It’s free real estate operational insurance.
When I initially built this system I was struggling to understand how the TLS connection to PostgreSQL is established as tls.Dial("tcp", "postgres-ip:5432", &tls.Config{}) will try to do the right thing but ultimately fails and leads to an obscure error in the PostgreSQL log:

2022-06-07 12:25:38.754 UTC [7325] [unknown]@[unknown] LOG: invalid length of startup packet

That right there should have been enough of a hint for me to figure this out, as I am a little familiar at the very least with STARTTLS from my adventures into running-your-own-email-server land. The connection is initiated unencrypted, you pass a (not so) secret “phrase” to it, it responds with a (not so) secret “phrase” back and you can finally upgrade the connection to being encrypted by initiating the TLS handshake.
It is very easy to type out in hindsight as this all makes sense to me now, but I was really struggling to wrap my head around it not even 24 hours ago.
Thankfully though I have amazing colleagues, who are quite a bit smarter than me. This explanation made me understand the process immediately and I hope that it will help somebody else as well.

15:14 Uhr
It's a custom protocol.
15:15 Uhr
So you want to send this 00 00 00 08 04 D2 16 2F.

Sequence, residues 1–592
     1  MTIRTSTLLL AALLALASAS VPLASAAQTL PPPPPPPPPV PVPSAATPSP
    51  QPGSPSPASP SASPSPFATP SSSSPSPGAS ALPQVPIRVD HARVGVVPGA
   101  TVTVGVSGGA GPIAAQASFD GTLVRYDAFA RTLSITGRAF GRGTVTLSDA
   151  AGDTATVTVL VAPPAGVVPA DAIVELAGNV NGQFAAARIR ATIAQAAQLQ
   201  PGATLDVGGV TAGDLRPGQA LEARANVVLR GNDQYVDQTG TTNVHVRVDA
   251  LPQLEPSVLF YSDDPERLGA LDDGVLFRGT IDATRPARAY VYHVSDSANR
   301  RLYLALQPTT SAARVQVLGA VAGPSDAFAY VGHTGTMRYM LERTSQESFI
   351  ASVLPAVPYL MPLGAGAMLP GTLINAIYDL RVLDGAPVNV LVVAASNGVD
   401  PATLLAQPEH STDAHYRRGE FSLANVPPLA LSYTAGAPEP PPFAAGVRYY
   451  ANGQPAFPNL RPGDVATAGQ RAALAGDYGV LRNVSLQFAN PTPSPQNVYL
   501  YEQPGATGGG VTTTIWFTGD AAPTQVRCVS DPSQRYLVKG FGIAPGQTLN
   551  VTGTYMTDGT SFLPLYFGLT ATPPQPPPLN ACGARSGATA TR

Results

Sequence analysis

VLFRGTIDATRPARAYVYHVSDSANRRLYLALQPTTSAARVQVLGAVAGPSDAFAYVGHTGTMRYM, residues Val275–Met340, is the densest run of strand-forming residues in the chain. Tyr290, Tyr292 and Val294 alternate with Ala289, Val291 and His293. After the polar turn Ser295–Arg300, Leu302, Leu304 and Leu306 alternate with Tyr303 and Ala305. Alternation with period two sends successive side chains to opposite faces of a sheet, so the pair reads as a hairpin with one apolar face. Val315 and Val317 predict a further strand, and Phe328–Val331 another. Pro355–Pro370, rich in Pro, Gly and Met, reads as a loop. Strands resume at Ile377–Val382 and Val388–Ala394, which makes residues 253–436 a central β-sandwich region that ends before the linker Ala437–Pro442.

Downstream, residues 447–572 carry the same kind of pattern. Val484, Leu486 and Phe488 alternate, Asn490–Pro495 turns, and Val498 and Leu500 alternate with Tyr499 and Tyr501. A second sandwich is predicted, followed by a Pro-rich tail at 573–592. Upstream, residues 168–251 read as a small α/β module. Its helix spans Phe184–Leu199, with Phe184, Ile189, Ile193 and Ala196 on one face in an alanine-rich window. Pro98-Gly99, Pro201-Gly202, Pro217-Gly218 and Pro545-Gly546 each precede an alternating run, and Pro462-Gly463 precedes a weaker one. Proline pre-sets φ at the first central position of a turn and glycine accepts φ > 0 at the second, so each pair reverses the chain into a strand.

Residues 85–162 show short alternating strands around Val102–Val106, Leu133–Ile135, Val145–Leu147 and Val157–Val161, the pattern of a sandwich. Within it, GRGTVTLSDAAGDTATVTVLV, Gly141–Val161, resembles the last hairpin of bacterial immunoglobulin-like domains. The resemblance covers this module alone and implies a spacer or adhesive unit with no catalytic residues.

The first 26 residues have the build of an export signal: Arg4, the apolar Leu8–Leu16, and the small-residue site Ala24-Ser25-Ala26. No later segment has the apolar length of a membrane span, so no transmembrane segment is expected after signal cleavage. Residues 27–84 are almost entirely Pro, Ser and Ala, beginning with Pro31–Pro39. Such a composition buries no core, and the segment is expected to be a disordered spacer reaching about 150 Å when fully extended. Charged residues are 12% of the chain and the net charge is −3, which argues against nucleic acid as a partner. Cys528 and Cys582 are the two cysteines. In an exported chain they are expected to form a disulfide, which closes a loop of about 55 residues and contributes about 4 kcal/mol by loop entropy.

15:16 Uhr
Read the first byte.
15:17 Uhr
It should be character S.
15:17 Uhr
Then write/read the SSL handshake start.
15:18 Uhr
The TLS session only starts after that first byte.
15:19 Uhr
So a normal TLS socket will fail because it will receive that first byte which doesn't really make any sense because it's part of the binary PG protocol.
15:21 Uhr
openssl s_client -starttls postgres basically does that, it sends the PG magic to start the TLS connection.
15:21 Uhr
You can't do it the "normal" way.

The protocol as published by the PostreSQL authors can be found here.

She graciously published her little POC Golang program for me so that I can include it on here as well.

Mirror in case Github does something stupid

Building these little early warning systems yourself is not difficult and I would encourage anybody to do so. Save yourself from the “embarrassment” of having your TLS certificate expire in the year 2022 and beyond by having a little computer give you a nudge every once in a while.

If you find yourself struggling as I did with this task I hope this post helps you.


Monodraw Licenses Giveaway

It may come as a surprise to some, but I am doing something good just because I can and it will make me happy to see other people happy.

A little while ago the developer of the wonderful iOS Reddit client Apollo Christian Selig and I had a public exchange on Twitter about ASCII art in one of Apple’s new OSS projects. To my surprise this caught the attention of a few people. Christian & I talked about how fun it would be to launch a little giveaway, not to gain followers or sell anybody anything. Do something fun on the internet with strangers after two absolutely awful years just because I can. I ended up doing exactly that and got into contact with the Monodraw developer hoping I could purchase the licenses in bulk but ended up with ten free ones to give away.

How To Enter The Giveaway